The Power of ConfessionJan 10, 2020
I remember growing up with I John 1:9, “If we confess our sins, He is faithful and just to forgive us our sins and cleanse us from all unrighteousness.” For me, confession came around our church’s once a month communion service. The pastor would talk about coming to the “table” with a clean slate and I would stumble through an internal prayer of confession, trying to hit the things I could remember from the previous few days. As a result, confession was not an important part of my spiritual journey and something I didn’t put a lot of thought into.
Today, we attend an Anglican Church and confession has a bigger role in the service. Every service there is a corporate confession on our knees. The language of the prayer is powerful and beautiful. “Almighty God and Father, we confess to you, to one another… that we have sinned, through our fault, in thought, and word, and deed, and in what we have left undone…” Despite the new church tradition, it wasn’t until this past summer that I really understood the power of confession and the impact of unconfessed sin in my life. On June 19th I had a supernatural experience that changed all of that.
First, I need to provide a little context. Since the Spring of 2014, I have had 4 jobs; my current job, one I left, one I was laid off from and one I was fired from. This led to search for new jobs and being out of work for a total of 10 months. As a result, I moved my family across the country twice, lived in 4 homes and struggled with significant depression. This all came to a head in the spring of 2018. I was hurting! I was angry at God, myself, old bosses and the world in general. My world was dark and through the divine intervention of our good God, I started seeing a counselor. I also ended up going on antidepressant medication after it became clear that I couldn’t get out of the hole on my own.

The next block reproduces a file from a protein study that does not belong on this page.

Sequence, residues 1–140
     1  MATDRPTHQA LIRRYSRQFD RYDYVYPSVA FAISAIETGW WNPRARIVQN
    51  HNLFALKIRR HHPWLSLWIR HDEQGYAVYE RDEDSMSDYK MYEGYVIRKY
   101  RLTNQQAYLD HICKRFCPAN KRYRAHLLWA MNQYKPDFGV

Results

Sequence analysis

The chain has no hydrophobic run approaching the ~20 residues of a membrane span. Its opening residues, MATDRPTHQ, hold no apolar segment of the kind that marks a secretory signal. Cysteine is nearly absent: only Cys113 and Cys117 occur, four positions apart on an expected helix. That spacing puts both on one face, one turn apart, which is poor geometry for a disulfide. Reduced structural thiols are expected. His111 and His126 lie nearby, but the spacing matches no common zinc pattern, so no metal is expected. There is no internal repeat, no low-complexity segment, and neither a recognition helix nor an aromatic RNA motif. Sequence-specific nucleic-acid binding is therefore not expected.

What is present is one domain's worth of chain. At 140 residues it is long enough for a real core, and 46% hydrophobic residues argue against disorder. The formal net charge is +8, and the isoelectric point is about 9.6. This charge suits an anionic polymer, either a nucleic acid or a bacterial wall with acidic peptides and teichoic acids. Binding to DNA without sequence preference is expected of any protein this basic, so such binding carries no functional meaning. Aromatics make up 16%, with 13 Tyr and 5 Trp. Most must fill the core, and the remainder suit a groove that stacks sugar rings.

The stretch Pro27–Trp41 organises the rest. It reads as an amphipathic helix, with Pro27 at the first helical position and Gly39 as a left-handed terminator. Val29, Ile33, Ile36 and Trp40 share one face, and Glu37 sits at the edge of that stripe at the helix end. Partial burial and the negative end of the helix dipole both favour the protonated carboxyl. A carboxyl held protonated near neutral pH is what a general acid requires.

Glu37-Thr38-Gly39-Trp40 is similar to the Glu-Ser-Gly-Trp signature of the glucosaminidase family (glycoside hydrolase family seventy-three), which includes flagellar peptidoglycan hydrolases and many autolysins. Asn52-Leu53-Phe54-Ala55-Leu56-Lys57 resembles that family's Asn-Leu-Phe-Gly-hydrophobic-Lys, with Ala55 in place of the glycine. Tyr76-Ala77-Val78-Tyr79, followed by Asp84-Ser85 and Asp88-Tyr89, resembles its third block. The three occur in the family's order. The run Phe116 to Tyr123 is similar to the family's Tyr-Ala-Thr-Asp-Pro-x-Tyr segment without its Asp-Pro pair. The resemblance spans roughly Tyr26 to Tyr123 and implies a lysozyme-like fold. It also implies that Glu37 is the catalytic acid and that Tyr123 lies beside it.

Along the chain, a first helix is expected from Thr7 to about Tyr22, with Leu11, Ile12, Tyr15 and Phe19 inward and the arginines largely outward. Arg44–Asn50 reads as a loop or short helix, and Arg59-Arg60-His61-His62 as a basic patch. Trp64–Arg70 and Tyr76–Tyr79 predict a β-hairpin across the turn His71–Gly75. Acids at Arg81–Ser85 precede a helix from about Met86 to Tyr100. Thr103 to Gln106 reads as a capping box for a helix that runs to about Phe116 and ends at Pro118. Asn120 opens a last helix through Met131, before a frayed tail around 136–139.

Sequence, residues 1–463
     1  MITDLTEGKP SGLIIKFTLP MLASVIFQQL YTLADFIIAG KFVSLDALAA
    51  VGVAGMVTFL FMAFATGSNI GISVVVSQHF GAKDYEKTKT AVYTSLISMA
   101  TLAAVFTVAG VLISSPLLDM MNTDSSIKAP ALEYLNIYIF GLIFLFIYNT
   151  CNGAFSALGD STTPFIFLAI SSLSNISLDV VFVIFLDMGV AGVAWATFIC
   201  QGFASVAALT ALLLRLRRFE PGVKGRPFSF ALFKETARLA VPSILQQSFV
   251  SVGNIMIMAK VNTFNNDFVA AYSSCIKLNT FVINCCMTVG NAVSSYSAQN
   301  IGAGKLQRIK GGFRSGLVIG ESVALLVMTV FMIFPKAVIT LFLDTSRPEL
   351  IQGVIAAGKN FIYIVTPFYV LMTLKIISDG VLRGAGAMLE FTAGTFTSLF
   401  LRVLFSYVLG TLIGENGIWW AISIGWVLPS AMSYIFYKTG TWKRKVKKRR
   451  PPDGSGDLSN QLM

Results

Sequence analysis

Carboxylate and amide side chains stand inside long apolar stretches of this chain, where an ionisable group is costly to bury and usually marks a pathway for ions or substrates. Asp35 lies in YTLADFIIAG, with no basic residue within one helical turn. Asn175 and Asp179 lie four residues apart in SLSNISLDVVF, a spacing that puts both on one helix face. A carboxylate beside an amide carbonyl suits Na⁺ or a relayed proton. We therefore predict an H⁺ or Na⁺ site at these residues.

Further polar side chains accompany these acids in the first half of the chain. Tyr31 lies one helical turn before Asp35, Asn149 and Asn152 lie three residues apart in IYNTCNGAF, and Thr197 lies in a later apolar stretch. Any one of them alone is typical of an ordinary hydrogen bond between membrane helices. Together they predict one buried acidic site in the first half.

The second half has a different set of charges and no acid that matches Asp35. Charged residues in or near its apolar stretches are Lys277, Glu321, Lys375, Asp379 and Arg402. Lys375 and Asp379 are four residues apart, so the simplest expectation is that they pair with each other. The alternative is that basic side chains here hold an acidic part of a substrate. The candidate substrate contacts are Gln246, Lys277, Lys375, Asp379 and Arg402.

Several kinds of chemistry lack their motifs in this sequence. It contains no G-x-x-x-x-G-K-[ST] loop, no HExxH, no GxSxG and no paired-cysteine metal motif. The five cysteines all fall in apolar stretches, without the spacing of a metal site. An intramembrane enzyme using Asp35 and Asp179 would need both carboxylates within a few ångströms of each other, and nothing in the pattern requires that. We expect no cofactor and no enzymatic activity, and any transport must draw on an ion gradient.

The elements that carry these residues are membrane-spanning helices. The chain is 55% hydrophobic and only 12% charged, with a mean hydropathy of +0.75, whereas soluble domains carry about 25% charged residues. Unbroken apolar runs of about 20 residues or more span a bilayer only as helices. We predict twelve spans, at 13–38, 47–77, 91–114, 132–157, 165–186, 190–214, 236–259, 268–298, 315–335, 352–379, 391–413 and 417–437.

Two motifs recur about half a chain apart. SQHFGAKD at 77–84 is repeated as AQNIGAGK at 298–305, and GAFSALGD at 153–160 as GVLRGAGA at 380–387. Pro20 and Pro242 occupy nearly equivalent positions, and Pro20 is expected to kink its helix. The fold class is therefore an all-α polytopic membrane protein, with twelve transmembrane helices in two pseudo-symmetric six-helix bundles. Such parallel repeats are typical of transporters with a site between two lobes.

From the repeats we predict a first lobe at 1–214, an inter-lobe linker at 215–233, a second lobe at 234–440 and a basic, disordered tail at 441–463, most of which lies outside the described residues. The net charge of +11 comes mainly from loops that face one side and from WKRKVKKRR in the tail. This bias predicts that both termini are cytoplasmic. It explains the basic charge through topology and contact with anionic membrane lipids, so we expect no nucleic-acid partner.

In June of this year, my wife and I were having dinner with some of our closest friends. They had walked with me on our journey. During one part of the conversation I talked about some deep bitterness that I had towards God, some old bosses and our friend wondered if that bitterness was having an impact on my spiritual connection with God.
Two days later, I asked our pastor if I could go through the liturgy of confession with him. The Anglican Church talks about the importance of James 5:16, “Therefore confess your sins one another and pray for one another, that you may be healed.” I had taken awhile to get to this point. The liturgy of confession seemed weird to me when I first heard about it and on multiple occasions with both my pastor and my wife, I had strongly stated that I would never do it.
That Wednesday, June 19th, I met with my pastor and we talked for 90 minutes about where I was. Given my strong resistance in the past, he was a little surprised that I wanted to do this now. In the liturgy you kneel and confess your sins to God while the pastor prays for the Holy Spirit to work. In what can only be described as supernatural, I came into the experience with about 5 minutes of content and nearly 30 minutes later, I finished confessing. I confessed murder in my heart, moving my family across the country contrary to the will of God and many other specific things that came into my heart in a miraculous way. The impact was instant, resulting in freedom, restoration, healing and a literal lifting of a terrible burden.
I am still on the journey which includes continue to meet with the counselor and taking the medication, but I am out of the desert and back to communion with our good and merciful heavenly father. I now understand what a beautiful gift confession is and encourage everyone to make a regular part of their spiritual journey.
Restoration Project Advocate
Chapel Hill, North Carolina